• The unemployment rate for Gulf War-era II veterans — who served on active duty at any time since September 2001 — reached 15.2 percent in January 2011 and was 4.7 percent in October 2016.
  • The peak unemployment rate for nonveterans was 10.4 percent in January 2010; their rate was 4.5 percent in October 2016.
  • There were 471,000 unemployed veterans in the United States in the third quarter of 2016; 22 percent of them were ages 18 to 34.
  • More veterans work in government than in any other industry; 21 percent of all veterans and 27 percent of Gulf War-era II veterans work for federal, state, or local government. By comparison, 13 percent of employed nonveterans work in government.
  • After government, the next largest employers of veterans are manufacturing and professional and business services (about 12 percent each).

Now let’s take a look at some data that may help veterans who are looking for work or considering a career change.

Looking to move?

In 2015, the unemployment rate for veterans varied across the country, ranging from 1.9 percent in Iowa to 7.7 percent in the District of Columbia.

Map of unemployment rates for veterans by state in 2015

What industries have the most job openings?

There were 5.5 million job openings in September 2016. Here’s how they break down by industry.

Chart showing job openings by industry in September 2016

What are the fastest-growing jobs?

Thank you, veterans, for your service. Check out our website at www.bls.gov 24/7 or give our information office a call at 202.691.5200. We also have regional information offices available to help you. BLS has the data you need to make wise decisions.

Entrepreneurship Facts: Announcing New Research Data on Job Creation and Destruction by Firm Age and Size

I’m delighted to announce that we now have new research data on job gains and losses by firm age and size across industries and states.

For many years, policymakers, economists, and others have debated whether small or large firms create more jobs. Our Business Employment Dynamics program, which measures gross job gains and losses to help us understand net employment changes, informs that debate with data on firm size. A related question is whether startups or older establishments create more jobs. Again, BLS has a stat for that. We have data on employment and business survival rates by the age of the establishment.

While it’s useful to know the age of an establishment—that is, a single location of a business—for some questions, we need to know the age of the firm. A firm may include several or even many establishments. To understand entrepreneurship in particular, we want to know how both the age and size of firms affect job gains, job losses, and employment growth.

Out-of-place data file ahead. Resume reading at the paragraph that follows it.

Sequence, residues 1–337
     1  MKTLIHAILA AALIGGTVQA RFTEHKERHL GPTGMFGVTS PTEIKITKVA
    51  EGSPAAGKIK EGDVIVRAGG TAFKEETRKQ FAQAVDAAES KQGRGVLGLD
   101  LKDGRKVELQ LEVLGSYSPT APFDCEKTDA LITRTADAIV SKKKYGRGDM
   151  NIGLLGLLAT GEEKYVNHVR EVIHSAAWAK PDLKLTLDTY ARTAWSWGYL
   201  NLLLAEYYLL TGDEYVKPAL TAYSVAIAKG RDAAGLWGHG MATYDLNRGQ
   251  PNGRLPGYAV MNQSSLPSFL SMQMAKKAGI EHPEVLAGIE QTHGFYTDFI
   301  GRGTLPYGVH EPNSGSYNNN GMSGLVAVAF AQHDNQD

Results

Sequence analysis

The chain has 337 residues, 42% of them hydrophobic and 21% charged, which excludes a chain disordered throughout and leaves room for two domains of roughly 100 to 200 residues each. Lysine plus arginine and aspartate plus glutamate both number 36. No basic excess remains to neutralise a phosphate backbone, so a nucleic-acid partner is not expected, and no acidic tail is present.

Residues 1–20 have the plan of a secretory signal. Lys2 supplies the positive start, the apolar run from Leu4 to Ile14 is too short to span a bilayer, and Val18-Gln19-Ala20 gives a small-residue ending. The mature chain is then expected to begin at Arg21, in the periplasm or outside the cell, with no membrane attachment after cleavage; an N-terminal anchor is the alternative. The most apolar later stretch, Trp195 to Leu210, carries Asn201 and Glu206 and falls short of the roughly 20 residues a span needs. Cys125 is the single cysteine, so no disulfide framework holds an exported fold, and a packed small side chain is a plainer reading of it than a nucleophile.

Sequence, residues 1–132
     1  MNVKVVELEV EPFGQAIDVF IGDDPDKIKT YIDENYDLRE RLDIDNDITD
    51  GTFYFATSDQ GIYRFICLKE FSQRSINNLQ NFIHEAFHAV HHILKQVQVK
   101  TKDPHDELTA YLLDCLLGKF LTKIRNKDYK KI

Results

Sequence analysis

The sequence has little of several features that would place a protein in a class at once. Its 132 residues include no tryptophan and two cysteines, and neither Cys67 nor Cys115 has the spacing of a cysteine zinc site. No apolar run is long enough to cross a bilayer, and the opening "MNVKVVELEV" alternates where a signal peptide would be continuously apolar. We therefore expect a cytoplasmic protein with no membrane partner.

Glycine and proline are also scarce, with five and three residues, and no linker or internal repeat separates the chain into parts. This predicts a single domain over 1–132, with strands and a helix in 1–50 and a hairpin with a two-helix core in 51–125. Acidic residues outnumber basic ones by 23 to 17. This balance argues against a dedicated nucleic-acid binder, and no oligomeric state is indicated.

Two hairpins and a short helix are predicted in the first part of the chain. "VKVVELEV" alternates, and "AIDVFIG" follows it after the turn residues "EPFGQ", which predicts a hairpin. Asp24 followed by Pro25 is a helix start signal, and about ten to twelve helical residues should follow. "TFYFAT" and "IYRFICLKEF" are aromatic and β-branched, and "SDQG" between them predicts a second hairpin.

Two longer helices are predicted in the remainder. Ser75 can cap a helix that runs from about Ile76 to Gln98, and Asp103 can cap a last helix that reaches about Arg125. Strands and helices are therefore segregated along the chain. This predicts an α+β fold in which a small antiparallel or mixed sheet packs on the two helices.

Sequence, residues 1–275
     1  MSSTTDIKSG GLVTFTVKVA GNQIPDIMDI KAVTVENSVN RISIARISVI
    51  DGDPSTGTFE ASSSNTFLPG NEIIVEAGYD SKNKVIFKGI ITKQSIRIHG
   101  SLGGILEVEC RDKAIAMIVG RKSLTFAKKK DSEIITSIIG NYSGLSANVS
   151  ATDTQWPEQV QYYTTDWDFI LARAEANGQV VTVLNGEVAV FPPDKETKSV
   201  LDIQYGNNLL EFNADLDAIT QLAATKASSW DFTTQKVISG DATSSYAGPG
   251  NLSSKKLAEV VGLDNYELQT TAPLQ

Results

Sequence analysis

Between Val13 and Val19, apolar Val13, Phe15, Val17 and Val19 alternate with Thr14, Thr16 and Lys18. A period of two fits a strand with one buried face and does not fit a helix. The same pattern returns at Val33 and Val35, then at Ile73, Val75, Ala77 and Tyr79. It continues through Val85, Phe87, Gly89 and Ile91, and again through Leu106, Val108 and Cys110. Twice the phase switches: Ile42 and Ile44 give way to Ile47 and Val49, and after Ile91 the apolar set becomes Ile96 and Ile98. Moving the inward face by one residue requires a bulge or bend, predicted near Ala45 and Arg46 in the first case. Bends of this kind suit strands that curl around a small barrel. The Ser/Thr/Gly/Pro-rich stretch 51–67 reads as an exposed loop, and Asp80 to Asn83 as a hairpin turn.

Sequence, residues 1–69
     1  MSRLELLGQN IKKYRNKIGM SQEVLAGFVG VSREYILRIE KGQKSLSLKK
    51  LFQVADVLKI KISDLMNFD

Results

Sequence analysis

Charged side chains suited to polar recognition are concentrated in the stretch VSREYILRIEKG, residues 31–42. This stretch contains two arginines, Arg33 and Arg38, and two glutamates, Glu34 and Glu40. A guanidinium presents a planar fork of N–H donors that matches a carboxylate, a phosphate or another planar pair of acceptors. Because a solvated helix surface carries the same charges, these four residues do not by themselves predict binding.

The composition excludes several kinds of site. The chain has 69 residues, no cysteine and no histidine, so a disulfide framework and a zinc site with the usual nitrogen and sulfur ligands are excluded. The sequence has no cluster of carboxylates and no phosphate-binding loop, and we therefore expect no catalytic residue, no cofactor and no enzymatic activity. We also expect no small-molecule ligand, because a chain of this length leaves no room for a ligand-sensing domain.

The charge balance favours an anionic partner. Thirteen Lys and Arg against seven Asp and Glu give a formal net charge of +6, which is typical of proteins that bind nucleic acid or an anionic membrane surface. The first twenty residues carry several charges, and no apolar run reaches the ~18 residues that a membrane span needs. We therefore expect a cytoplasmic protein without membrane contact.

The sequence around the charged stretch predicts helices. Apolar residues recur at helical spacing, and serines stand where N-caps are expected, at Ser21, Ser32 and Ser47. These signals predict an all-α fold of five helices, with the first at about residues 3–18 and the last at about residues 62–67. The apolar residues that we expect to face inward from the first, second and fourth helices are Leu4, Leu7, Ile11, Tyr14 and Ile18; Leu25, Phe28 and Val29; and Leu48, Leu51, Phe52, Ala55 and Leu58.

With these new data we can answer many interesting questions, including:

  • How much do older firms contribute to job growth? Firms 10 years or older created 800,000 jobs, or 29 percent of the total 2.7 million net employment gain in the year ending March 2015. See the chart below.
  • How much do startup firms contribute to job growth? In the year ending March 2015, startup firms—firms less than 1 year old—created 1.7 million jobs or 60 percent of total employment growth. More than half these jobs were from firms with fewer than 10 employees.
  • How does the age or size of the firm affect the rate of business closures? In 2015, 788,000 establishments closed. Of these, 55 percent were from firms 10 years or older; 16 percent were from firms 5 to 9 years old; and 28 percent were from firms less than 4 years old. Of the establishments that closed from March 2014 to March 2015, 91,000 of them, or 12 percent of the total, had 500 or more employees.
  • Which firm-age group accounted for most job losses during the last two recessions? Firms 10 years or older lost the most jobs during both recessions. Again, see the chart below.

net-job-changes-by-firm-age

The new research data measure annual gross job gains and gross job losses by firm age and size from March of one year to March of the next. We get the data on firms from the Quarterly Census of Employment and Wages by linking individual establishments over time. Besides firm age and size, we also measure establishment age and size. We have two methods to examine size. One method compares the current size of firms or establishments with the size at the beginning of the year (the base-sizing method). The other method compares the current size with the average size over the year (the average-sizing method).

I really want to know how you like these new data and what we can do to make them more useful. I invite you to explore the data and share your comments. Your feedback will help us develop the dataset and possibly move it into our regular production. Please write your comments below, or you can email the Business Employment Dynamics staff.